Tisane: Herbal teas, as we have come to call them, are the most universal and traditional delivery methods for herbal medicine. The time it takes to decoct or infuse botanicals add to the therapeutic benefit, as time and attention are integral to true healing. One of my favorite herbal teas for flu symptoms:
2 Tbsp powdered Echinacea root
2 Tbsp powdered Elderberry
2 tsp freshly grated/powdered Ginger Root
2 tsp Yarrow leaf/flower
Bring 12 ounces of water to just boiling; pour over tea mixture. Allow to steep, covered 12-15 minutes. Strain, add local, raw honey to taste, and sip
Steam Inhalation: One of the most beneficial methods for calming, soothing, nourishing and uplifting the body, especially comforting the respiratory and central nervous systems. Use a teaspoon each of Thyme, Lemonbalm, and Yarrow, placing all into a large bowl (ceramic, glass or metal, preferably), and pour steaming hot water over top. Using a towel, enfold your entire head so the steam surrounds and infiltrates you. Breathe deeply for 5-10 minutes, as you feel comfortable. (Essential oils can also be used in this delivery method; please be sure they are sourced from a company guided by ethical stewardship practices).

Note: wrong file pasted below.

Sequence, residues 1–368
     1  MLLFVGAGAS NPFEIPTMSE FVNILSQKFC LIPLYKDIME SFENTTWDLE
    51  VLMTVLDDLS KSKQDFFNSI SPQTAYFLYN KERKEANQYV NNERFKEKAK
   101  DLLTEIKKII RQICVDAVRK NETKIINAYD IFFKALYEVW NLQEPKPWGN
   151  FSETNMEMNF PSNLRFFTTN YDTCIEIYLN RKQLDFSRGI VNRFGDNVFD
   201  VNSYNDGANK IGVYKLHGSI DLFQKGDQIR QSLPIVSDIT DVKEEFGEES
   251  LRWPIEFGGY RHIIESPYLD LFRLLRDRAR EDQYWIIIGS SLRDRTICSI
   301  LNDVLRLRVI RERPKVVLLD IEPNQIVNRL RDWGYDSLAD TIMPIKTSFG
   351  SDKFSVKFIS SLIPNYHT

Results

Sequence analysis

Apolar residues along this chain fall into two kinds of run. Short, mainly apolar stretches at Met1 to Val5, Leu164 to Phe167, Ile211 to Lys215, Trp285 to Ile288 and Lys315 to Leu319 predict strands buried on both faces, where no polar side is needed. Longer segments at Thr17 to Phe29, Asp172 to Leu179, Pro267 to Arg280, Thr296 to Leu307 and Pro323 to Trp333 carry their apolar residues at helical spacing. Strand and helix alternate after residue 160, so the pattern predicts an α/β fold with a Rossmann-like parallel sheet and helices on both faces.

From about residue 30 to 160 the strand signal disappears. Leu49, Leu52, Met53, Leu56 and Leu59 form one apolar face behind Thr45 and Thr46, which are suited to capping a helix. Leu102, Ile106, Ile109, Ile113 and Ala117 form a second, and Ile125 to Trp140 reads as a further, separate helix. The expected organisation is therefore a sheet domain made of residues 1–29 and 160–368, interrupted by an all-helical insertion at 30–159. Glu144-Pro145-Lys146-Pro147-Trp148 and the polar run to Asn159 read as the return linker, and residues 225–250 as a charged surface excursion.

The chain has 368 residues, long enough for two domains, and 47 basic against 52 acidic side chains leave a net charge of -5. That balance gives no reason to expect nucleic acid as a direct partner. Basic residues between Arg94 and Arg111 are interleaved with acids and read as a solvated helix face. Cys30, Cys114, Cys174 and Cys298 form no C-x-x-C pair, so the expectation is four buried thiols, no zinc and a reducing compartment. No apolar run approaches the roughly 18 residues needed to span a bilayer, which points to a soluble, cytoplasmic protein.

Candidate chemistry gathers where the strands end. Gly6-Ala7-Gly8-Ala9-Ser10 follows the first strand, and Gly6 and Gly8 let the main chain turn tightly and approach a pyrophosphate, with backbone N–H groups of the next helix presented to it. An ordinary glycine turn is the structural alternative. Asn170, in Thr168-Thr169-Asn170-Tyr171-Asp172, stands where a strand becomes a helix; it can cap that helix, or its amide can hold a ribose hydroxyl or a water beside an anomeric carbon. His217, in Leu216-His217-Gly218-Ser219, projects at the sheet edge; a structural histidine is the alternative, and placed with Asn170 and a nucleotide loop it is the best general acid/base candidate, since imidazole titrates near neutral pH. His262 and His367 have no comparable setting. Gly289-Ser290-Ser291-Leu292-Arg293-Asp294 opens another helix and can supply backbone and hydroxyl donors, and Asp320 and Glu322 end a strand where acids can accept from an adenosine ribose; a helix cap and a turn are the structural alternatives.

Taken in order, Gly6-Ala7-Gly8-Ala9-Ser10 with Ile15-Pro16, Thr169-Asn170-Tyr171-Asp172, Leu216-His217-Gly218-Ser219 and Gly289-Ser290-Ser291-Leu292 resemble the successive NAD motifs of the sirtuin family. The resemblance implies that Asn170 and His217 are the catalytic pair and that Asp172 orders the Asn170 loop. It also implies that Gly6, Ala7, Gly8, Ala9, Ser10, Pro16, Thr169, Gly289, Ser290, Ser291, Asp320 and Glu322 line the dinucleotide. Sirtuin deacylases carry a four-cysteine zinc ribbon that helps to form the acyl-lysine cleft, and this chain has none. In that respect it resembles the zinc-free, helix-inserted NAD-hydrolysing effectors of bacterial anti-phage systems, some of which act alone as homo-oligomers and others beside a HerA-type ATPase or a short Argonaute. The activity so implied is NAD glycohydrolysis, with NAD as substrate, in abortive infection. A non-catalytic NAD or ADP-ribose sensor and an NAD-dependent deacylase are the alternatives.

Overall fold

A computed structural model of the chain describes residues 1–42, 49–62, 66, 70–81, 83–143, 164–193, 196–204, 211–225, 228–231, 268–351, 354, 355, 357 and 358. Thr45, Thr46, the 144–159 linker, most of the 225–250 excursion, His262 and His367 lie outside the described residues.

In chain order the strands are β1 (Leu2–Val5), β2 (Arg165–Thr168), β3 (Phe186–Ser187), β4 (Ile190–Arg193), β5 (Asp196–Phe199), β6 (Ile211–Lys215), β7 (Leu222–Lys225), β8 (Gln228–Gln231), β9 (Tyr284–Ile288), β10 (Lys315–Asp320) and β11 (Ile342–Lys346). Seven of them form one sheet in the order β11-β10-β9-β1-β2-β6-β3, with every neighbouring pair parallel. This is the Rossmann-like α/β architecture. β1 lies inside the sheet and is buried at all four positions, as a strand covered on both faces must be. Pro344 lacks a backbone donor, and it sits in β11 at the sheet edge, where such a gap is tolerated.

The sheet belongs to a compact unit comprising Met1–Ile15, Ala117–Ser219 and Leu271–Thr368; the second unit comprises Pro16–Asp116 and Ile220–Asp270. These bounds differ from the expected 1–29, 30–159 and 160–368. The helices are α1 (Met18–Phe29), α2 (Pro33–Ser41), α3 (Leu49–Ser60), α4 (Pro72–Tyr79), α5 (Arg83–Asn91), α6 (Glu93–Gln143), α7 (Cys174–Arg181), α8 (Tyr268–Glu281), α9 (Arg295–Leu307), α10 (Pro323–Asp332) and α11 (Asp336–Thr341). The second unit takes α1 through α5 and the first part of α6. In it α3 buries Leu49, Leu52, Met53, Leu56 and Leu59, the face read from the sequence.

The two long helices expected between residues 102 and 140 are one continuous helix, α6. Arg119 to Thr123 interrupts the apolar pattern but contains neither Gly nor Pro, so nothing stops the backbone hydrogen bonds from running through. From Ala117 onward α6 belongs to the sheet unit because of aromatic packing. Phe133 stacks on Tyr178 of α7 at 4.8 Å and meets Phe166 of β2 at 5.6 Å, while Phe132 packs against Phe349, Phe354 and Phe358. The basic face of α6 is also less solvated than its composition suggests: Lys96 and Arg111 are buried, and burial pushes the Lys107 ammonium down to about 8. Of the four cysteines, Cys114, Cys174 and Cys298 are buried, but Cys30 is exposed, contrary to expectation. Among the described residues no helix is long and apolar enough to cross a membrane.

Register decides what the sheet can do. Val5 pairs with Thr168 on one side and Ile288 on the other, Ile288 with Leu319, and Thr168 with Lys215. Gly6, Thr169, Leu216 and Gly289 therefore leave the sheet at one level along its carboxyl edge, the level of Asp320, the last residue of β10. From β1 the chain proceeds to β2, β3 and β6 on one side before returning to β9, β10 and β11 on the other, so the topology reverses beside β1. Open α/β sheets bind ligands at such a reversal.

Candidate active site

Herbal Bath: Similar to the steam inhalation in its incredible calming, soothing, nourishing and uplifting benefits, with special offering to the skeletomuscular and nervous systems. Herbal baths can also be used in fever management. Please consult with a professional for guidance.
Herbal Massage: A simple Oil Infusion combination of Lemonbalm, Thyme and Ginger makes a tremendous addition to the antiviral medicine chest. It can be used as a full body massage, and also can be used as a simple “vapor rub” on the chest.
Tincture: Alcohol extracts of herbs offer the benefits of the constituents more soluble in alcohol than water, the long shelf life of herbal tinctures is of benefit, and the quick delivery fits well in modern lifestyles. Tinctures can be made at home simply, though I am a firm believer in the superior medicinal value of fresh over dried plant material. When purchasing herbal tinctures, it is important to ensure they are made with stewardship as top priority.
I wish you the power of your own innate healing abilities this season, as well as a deeper communion with our incredible botanical allies. I am available for questions, consultations and personalized formulas.
May you be nourished,
Molly Jo Stanley
Educating for Mindfulness and Sustainability